Will JP Morgan be able to walk away from billion dollar losses?


by Guest    
11:45 am - May 18th 2012

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contribution by Iain Overton

The JPMorgan story doesn’t look like it’s going away any time soon. The losses suffered by the bank keep getting bigger and bigger. Insiders are now saying they’ve surpassed the initial $2 billion estimate by at least $1 billion.

The Federal Reserve has stepped in. It’s set out to examine the scale of the losses and the size of the original bets. It’s also going to ask whether the American bank’s chief investment office took too many risks for a federally insured depository.

One thing is clear – a serious investigation is necessary.

We can’t take JPMorgan’s claims at face value.

This is Jesse Eisinger of ProPublica:

…when they are in trouble, banks will mislead the world about their financials. And some will lie. Richard S. Fuld Jr. of Lehman Brothers, E. Stanley O’Neal and Charles O. Prince of Citigroup all played down their banks’ exposures before their institutions took vast losses. Were they deliberately misleading? Because of the failures to investigate the financial crisis adequately, we still don’t know.

There are real questions to be asked. And Eisinger is right to ask them.

  • What did Jamie Dimon, JP Morgan’s chief executive, and Doug Braunstein, the bank’s chief financial officer, know about the bets and when did they know it?
  • How accurate were JPMorgan’s first-quarter earning claims?
  • Were execs at the top of JPMorgan being wholly truthful when discussing the chief investment office’s investments?
  • Were there other trades made by JPMorgan and when did those losses take place? And were the bank’s positions marked correctly?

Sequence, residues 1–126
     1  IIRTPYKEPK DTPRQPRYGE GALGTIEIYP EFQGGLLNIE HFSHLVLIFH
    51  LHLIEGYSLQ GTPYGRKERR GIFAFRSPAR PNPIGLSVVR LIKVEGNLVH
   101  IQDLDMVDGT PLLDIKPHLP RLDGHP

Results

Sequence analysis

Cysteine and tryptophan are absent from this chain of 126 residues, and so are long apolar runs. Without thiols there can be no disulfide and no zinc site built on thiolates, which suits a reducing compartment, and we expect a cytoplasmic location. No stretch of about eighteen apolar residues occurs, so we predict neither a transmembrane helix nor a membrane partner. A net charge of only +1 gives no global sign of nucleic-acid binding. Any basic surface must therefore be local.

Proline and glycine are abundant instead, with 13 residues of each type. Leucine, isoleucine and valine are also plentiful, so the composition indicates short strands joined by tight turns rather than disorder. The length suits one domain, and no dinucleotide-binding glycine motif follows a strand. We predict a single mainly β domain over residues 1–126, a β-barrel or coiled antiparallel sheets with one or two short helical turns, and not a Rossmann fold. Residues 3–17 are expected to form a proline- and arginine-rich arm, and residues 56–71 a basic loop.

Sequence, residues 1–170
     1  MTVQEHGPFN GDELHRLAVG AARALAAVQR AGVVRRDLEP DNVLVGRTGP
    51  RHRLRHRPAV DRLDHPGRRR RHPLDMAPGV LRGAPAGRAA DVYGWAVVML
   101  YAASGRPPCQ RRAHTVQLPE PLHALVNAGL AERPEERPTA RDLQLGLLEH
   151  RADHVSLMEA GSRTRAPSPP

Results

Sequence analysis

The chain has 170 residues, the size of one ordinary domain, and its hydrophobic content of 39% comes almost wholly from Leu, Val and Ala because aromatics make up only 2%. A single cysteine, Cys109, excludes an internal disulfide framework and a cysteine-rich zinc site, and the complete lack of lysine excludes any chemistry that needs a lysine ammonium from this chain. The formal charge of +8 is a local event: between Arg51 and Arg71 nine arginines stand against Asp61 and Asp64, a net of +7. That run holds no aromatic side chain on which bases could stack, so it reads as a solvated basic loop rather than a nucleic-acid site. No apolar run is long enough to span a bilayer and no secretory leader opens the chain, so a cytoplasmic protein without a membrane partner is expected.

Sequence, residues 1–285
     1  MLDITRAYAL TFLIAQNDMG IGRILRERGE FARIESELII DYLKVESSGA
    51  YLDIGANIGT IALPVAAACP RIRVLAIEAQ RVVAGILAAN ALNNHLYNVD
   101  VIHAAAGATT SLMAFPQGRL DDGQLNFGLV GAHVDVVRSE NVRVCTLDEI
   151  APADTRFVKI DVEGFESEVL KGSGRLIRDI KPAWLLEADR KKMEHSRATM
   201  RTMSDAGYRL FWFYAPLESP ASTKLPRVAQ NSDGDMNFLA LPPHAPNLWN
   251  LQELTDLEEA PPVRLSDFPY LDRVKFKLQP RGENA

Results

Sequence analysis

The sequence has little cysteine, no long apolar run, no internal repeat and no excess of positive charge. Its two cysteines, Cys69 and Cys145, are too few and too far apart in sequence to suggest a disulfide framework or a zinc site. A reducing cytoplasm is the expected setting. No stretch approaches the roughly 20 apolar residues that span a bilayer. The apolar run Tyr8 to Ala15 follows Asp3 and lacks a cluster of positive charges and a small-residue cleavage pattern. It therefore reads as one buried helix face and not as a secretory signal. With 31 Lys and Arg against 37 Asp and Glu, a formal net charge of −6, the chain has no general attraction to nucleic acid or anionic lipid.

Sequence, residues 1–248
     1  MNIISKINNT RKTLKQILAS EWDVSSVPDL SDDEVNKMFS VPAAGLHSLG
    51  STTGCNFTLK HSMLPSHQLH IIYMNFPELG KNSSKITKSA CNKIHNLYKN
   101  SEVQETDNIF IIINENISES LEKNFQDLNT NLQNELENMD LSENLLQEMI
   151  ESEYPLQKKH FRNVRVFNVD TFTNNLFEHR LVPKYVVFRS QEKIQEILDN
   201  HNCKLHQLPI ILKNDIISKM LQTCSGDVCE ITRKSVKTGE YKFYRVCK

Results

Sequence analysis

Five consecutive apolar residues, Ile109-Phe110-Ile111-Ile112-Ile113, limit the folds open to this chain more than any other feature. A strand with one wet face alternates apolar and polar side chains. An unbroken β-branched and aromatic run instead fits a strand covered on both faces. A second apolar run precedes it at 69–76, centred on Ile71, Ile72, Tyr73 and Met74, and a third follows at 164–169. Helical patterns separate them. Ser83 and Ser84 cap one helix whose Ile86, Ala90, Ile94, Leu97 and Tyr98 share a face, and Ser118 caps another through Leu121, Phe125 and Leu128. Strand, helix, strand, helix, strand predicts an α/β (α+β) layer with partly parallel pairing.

• Finally, JPMorgan recently changed a crucial measure of risk. Why? And was that adequately disclosed?

So many questions. So few answers.

The thing that underpins all of these suspicions is that the timings of this whole drama doesn’t stack up.

The Wall Street Journal and Bloomberg picked up on the “London Whale” in early April.

At the time JPMorgan dismissed journalist’s questions. In its first-quarter earnings on the 13th April, Dimon and Braunstein called it a “tempest in a teapot.”

The bank maintains its main losses happened in late April and early May. But timings and statements are already being challenged by shareholders. Two suits have already been filed, accusing the bank of grossly misrepresenting the trades.

The allegations are that the bank was bluffing all along. Fearing if news of their exposed position got out, losses would have ballooned. So, the claims go, JPMorgan dodged the questions. And so there are more questions.

Eisinger sums it up, arguing “how little true accountability there has been since the financial crisis. No top-tier banker has gone to prison for the many bank failures, the deceptive sales practices or the misrepresentations of the books. As a society, we have thrown up our hands at Too Big to Prosecute financial fraud”.

We need far greater accountability. And the questions posed here need to be answered. Any less would be criminal.


Article first published at The Bureau for Investigative Journalism

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Reader comments


“Eisinger sums it up, arguing “how little true accountability there has been since the financial crisis. No top-tier banker has gone to prison for the many bank failures, the deceptive sales practices or the misrepresentations of the books. As a society, we have thrown up our hands at Too Big to Prosecute financial fraud”.